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Third round of talks on Afghan peace begins in Pakistan

Delegates from China, Pakistan, Afghanistan and the US have met in Islamabad to thrash out a plan for renewing peace talks between the Afghan government and the Taliban. Talks with the rebel group collapsed in mid-2015.

Officials from China, the US, Afghanistan and Pakistan meet in Islamabad

Pakistani foreign affairs adviser Sartaj Aziz chairs the first ever round of four-way peace talks in Islamabad in January

As the meeting got underway Saturday, Pakistan's foreign affairs adviser Sartaj Aziz said he hoped the delegates would finalize a roadmap for peace talks before the end of the day.

"In our view, a clear, well-defined and actionable roadmap for the peace process between the Afghan government and Taliban groups is important," he said.

"We have to exert all our efforts and energies for keeping the process on track."

The gathering in the Pakistani capital was the third round of four-country talks aimed at finding a way to get the Taliban to the same negotiating table as the Afghan government.

'No preconditions'

In January, the Islamist group said it would not enter into a direct dialogue with Kabul until a series of

preconditions had been met

. Its demands included the removal of the Taliban from UN and US blacklists, formal recognition of a political office for the group, and the release of political prisoners.

Aziz said Saturday there should be no preconditions to the peace negotiations. He also said the success of the peace efforts would hinge on how many Taliban groups were involved.

"We believe our collective efforts at this stage ... have to be aimed at persuading a maximum number of Taliban groups to join the peace talks," he said.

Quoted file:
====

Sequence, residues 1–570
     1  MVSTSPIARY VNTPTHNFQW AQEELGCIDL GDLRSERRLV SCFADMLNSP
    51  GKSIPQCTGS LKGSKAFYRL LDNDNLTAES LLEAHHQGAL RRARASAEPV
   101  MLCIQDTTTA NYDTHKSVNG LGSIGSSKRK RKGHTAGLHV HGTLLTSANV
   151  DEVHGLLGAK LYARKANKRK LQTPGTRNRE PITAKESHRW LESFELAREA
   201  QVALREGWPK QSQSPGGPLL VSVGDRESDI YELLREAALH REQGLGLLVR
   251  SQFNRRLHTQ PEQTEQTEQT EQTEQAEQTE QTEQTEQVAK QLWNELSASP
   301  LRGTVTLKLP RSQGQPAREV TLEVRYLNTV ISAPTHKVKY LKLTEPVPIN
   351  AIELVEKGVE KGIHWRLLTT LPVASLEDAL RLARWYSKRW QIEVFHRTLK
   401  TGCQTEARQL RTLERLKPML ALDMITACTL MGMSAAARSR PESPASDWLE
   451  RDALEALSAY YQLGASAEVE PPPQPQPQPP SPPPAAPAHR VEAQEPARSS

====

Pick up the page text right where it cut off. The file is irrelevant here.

Stalled negotiations

Preliminary face-to-face talks between the insurgents and Afghan officials broke down in July after it became known that Taliban founder Mullah Mohammad Omar, who sanctioned the talks, had died two years earlier. The announcement sparked infighting within the group, fueling uncertainty about how competing factions would participate in the peace process.

Afghanistan's Chief Executive Abdullah Abdullah told Reuters news agency last week that he was hopeful at least parts of the Taliban would agree to peace talks within six months.

"There might be groups among the Taliban who might be willing to talk and give up violence," Abdullah said.

Ongoing violence

Taliban insurgents have stepped up their attacks on government and foreign targets in Afghanistan since the US and NATO formally ended their combat mission more than a year ago. Earlier this week, at least

20 people were killed

in a Taliban suicide bombing in the capital, Kabul. The group also managed to seize the northern city of Kunduz last year - their biggest capture of an urban area since 2001.

The protracted conflict has claimed thousands of civilian lives and left the economy in tatters.

nm/tj (AP, Reuters, dpa, AFP)

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